What wonderful plants these are. The plant has two common names. Here in the UK we called it: Eggplant and in the rest of the world, They are known as; Aubergine.
The plant is a member of the nightshade species and as such related to the potato and tomato. Asian in origin and first written about in China in 544. I think of it being Greek because they use it in many of their dishes, however in China, the fruit is in daily use.
Here in the UK, they were first thought to be inedible. They were used around the house as ornaments so that people could enjoy the glorious colors, glossy smoothness as well as its sensual shape.
For a long time, the Aubergine was thought to be grown only in warmer climates, however, now that short-season varieties have been developed so that people living in more northern climates can grow them.
I have never seen or tried to grow Aubergines outside. Some form of cover, be it Polly tunnel, glasshouse or cold frame is needed here in the UK.
I sow my seeds inside in small pots half an inch deep in good potting soil, two seeds to a pot. After the seeds have grown for a while, I pinch off the weaker of the two, leaving one plant per pot. I found that by late May or early June the temperatures have risen high enough to plant out in my glasshouse.
It is very important to make sure to harvest the Aubergine at the right stage. As the fruit ages, they can become bitter-tasting with soft flesh and tough skins. Size of the fruit is no indicator that they are ready to be harvest. A mature Aubergines will have a glossy, taut skin and flesh that is just barely resistant.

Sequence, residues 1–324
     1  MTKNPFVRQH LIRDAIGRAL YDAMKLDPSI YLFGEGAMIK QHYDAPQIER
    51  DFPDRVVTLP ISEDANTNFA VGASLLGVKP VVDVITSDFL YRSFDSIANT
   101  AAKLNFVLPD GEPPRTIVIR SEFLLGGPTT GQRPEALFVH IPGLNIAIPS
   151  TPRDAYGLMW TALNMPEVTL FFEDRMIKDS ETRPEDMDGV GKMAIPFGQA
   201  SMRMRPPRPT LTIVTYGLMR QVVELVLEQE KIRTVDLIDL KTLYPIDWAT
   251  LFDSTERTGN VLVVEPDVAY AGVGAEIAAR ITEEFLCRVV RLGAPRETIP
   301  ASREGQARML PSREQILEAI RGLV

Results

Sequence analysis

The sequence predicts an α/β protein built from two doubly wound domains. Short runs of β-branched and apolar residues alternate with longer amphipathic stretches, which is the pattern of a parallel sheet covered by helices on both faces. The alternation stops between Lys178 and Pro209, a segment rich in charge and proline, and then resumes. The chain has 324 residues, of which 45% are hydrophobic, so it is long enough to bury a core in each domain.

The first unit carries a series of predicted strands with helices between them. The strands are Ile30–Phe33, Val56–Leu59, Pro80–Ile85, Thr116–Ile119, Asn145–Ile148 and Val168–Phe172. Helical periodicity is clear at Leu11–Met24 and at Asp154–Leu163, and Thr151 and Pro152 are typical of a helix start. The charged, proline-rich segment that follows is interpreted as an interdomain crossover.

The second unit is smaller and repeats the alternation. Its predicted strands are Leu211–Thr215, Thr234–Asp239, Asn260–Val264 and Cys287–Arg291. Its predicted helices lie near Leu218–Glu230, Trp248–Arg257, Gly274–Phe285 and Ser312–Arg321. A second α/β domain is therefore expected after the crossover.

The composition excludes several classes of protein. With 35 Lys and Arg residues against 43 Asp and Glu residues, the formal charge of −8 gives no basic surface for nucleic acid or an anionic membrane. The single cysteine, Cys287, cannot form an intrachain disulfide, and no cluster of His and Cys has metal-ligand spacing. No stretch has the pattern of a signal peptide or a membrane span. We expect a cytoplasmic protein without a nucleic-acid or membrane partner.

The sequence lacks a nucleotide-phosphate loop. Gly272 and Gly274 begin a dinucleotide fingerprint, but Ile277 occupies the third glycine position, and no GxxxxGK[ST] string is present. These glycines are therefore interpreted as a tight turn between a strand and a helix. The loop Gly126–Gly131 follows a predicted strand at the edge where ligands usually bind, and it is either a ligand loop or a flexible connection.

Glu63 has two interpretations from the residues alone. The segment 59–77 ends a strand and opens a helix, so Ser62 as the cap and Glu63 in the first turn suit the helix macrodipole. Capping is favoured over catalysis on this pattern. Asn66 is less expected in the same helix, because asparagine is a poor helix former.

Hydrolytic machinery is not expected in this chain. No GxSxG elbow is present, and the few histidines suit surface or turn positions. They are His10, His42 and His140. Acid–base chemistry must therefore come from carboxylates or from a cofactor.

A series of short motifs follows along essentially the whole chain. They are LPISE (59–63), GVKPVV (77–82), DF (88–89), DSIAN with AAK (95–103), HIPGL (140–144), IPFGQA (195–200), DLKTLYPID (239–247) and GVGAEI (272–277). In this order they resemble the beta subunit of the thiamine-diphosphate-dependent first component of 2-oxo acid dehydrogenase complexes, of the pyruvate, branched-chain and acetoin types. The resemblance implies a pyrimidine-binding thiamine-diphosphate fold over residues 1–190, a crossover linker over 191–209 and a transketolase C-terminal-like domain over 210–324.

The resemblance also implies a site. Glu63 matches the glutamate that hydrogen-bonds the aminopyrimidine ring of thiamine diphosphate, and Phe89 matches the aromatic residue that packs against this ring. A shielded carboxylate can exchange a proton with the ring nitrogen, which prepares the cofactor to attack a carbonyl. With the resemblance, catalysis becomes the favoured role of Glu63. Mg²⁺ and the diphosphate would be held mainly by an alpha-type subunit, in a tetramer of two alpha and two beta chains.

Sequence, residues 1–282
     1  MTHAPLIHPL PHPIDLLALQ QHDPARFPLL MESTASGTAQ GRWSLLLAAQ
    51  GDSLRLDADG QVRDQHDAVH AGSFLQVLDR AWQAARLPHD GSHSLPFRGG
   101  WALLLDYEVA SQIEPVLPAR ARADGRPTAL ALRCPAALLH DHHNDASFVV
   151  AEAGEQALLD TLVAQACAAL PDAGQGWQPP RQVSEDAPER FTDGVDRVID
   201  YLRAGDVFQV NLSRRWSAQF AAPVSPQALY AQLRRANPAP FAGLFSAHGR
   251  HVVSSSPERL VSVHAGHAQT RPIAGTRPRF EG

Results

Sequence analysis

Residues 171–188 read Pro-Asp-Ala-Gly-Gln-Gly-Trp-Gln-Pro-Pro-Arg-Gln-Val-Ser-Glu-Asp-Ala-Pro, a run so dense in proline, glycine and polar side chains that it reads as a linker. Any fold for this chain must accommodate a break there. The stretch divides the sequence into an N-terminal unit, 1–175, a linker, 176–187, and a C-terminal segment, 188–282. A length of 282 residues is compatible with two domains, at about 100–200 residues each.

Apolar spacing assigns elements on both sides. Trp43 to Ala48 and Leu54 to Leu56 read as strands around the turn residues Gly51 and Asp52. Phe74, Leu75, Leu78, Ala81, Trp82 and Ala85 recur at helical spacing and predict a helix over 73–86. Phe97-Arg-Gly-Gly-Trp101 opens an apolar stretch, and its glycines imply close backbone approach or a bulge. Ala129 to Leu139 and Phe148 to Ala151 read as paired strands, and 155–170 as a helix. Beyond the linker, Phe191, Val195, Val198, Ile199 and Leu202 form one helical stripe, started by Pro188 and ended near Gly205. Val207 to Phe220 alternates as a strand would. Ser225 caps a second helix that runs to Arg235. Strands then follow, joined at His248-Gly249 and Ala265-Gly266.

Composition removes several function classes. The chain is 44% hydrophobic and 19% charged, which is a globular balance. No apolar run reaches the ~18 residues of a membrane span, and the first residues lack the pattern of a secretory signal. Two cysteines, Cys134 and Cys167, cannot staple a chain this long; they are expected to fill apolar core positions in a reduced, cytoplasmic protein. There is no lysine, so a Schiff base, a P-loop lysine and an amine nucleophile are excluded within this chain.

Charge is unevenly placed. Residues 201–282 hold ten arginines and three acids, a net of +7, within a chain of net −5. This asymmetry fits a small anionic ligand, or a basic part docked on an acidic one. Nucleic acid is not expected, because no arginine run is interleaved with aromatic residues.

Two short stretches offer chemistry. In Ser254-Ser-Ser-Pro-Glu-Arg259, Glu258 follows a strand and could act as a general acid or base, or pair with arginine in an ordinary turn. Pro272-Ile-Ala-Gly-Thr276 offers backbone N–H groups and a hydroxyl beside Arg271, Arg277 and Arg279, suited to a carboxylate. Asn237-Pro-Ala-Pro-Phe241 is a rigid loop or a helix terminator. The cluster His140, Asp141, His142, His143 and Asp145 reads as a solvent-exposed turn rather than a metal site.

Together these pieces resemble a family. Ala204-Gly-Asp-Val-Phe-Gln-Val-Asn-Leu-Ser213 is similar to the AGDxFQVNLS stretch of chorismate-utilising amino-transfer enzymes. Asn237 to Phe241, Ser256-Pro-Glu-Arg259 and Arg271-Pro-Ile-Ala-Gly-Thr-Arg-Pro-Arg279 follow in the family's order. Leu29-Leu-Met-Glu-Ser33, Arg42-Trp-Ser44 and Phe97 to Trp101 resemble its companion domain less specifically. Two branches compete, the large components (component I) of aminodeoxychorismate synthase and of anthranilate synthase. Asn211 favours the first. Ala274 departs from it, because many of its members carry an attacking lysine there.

A good test is to press down on the Aubergine very gently with your thumb: if the flesh of the fruit presses in and bounces back, the fruit is ready for eating. If the flesh is hard, that is, with no give then you must wait awhile because the fruit is immature and too young to pick. On the other hand if the flesh of the Aubergine when pressed down, stays down, then the fruit is overripe.
Be aware that Aubergine bruise very easily, so when you harvest them be gently. The stems of the plant can also be prickly, so you might want to wear a pair of gloves or use shears. Always cut off the Aubergine with the cap and some of the stem attached.
Aubergine are also very perishable, so it is best to harvest as close to cooking time as possible. As a hot climate vegetable it does not store well in cold climates, so do not put it in the fridge.
I never peel mine when cooking or though some cooks insist on it. I am always for the easy life! I also never use salt when cooking them. You should know that Aubergines will drink up olive oil, so do not use too much. For ideas on cooking them go to Chinese or Japanese recipes.
Here are a few cooking hints:
Mix diced Aubergine fried with hot pepper into scrambled eggs.
Drain fried Aubergine on brown paper; this will help absorb excess oil.
I have found that using carbon steel knives discolour Aubergine, best is to use stainless steel knives when cutting them.